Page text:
It makes sense for DStv to become a one-stop-shop where you pay one bill and get access to all streaming content, including Netflix, Amazon, Hulu, and YouTube.
This is the view of MultiChoice CEO Calvo Mawela, who was speaking to Business Day TV about the company’s agreements with over-the-top (OTT) media services.
In its recent financial report, MultiChoice said it has signed deals with Netflix and Amazon to integrate these services into its new Explora decoder.
MultiChoice CFO Tim Jacobs told MyBroadband these agreements formed part of a new unified streaming platform MultiChoice would launch that would include content from international players.
“What we are trying to do is to provide an amount of simplicity, choice, and convenience to subscribers – they can come to one place and can get access to all of this different content,” said Jacobs.
Mawela said pay-TV operators like MultiChoice have always operated in a multi-channel environment where they purchase content from third-party providers.
This third-party content is then aggregated into the DStv platform and sold to subscribers in the form of DStv bouquets.
Mawela said adding OTT players to the DStv platform is a natural progression of pay-TV into the online space.
“We have always seen ourselves as a one-stop-shop where you can get content from all content producers in Africa and around the world,” said Mawela.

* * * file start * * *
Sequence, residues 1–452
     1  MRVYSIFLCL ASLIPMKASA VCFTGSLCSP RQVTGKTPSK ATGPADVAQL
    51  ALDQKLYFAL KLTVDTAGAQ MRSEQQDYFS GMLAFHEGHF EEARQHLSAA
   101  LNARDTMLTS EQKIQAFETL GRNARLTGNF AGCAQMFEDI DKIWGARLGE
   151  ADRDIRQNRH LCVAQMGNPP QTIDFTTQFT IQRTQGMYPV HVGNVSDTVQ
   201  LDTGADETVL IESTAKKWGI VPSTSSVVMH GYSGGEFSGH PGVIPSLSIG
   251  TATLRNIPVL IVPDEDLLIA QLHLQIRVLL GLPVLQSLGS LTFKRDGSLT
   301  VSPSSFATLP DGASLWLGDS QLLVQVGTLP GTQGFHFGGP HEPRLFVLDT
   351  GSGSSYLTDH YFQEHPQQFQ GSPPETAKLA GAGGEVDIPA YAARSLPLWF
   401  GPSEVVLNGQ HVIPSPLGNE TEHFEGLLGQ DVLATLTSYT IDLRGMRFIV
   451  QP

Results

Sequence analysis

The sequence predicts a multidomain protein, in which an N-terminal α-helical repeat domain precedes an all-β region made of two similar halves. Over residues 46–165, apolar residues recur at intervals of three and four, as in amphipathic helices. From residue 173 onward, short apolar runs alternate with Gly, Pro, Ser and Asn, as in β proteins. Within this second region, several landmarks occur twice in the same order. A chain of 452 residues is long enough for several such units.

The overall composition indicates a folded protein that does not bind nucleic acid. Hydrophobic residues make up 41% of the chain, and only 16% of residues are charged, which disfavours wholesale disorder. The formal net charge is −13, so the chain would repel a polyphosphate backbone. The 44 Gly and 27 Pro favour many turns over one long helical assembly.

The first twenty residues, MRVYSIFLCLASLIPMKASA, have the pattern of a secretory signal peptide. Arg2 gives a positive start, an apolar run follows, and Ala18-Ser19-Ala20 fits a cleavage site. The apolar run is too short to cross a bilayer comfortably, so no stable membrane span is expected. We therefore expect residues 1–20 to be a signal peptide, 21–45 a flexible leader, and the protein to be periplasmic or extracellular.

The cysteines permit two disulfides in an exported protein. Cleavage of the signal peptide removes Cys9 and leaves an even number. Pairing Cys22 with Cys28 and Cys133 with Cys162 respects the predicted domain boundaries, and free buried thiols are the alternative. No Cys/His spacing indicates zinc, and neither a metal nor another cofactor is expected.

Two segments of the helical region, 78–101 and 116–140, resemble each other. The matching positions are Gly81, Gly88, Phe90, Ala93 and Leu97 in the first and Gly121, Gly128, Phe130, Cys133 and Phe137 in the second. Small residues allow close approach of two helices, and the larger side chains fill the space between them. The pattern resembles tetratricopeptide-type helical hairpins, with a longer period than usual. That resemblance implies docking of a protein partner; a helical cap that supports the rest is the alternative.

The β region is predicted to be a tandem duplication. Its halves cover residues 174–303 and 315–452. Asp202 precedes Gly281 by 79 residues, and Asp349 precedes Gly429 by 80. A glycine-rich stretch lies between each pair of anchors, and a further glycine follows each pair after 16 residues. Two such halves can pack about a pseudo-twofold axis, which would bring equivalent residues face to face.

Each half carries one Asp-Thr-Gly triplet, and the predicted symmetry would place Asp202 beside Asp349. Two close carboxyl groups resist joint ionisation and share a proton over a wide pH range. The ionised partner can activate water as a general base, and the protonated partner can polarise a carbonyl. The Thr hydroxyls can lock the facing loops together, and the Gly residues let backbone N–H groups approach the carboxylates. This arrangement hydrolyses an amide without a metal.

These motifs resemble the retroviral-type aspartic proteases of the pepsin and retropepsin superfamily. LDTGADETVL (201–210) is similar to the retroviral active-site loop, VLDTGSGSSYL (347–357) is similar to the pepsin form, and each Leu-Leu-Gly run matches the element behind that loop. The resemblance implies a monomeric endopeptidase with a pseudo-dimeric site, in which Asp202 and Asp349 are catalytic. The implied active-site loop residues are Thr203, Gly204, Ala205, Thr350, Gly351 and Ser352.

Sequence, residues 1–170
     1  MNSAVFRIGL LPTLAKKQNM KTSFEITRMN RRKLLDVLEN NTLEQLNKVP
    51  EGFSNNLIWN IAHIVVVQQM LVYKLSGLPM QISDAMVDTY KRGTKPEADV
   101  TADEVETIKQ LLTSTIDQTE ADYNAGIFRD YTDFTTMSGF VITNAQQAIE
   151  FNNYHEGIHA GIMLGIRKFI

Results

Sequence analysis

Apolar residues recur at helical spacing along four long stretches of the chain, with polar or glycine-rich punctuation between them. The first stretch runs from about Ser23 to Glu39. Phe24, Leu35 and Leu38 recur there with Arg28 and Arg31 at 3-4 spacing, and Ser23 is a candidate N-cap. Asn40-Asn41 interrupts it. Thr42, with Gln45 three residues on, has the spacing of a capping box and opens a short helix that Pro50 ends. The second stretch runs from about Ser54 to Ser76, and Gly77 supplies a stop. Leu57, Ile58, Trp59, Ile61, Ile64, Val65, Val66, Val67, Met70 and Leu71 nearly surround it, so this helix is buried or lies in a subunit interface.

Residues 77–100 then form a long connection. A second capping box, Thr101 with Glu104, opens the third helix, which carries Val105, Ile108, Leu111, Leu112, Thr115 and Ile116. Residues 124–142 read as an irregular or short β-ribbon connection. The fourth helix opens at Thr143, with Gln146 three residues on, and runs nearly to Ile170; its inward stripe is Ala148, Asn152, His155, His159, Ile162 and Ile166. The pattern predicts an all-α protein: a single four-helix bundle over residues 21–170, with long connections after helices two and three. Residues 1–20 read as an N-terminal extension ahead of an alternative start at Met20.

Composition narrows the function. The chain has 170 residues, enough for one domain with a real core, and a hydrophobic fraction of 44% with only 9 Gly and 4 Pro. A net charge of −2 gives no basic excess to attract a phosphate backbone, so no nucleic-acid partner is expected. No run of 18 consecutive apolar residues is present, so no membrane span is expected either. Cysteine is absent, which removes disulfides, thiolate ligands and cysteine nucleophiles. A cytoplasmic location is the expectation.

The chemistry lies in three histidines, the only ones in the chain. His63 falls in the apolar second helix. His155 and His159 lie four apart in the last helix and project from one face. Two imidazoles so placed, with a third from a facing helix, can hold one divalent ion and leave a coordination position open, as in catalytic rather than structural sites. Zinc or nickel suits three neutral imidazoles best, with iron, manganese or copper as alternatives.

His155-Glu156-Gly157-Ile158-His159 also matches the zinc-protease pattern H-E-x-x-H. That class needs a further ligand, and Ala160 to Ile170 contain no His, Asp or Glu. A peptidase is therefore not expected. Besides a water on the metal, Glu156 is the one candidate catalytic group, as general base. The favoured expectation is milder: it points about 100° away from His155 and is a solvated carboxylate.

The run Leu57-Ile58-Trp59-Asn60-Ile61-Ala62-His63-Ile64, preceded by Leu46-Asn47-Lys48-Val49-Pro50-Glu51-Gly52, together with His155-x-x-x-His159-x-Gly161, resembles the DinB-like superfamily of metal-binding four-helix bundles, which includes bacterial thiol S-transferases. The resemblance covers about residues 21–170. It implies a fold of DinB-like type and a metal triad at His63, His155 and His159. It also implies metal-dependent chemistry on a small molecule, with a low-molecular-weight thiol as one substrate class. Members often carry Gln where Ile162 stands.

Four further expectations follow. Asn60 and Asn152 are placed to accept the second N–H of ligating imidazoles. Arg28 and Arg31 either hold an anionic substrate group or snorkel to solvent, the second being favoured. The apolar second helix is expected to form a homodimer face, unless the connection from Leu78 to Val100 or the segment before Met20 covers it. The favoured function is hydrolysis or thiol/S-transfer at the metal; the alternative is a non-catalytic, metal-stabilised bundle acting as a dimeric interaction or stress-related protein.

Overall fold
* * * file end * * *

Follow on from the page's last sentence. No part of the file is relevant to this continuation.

He added that Netflix is essentially a content provider, as are Amazon, Hulu, YouTube, and many others.
He said MultiChoice is reaching out to all the streaming platforms around the world with the aim of providing their content to DStv subscribers.
“We are reaching out to them and have some agreement for people to come to us and pay us once and get access to all the content providers,” said Mawela.
Mawela said pay-TV operators across the world have similar agreements with OTT players and the model is working well for both consumers and traditional pay-TV operators.
He added that it will not be a very costly exercise. “We have done our sums and made sure that it is commercially viable,” said Mawela.
“We are moving in that direction because it makes sense for us to be a one-stop-shop where you pay one bill where you can get all the content available out there.”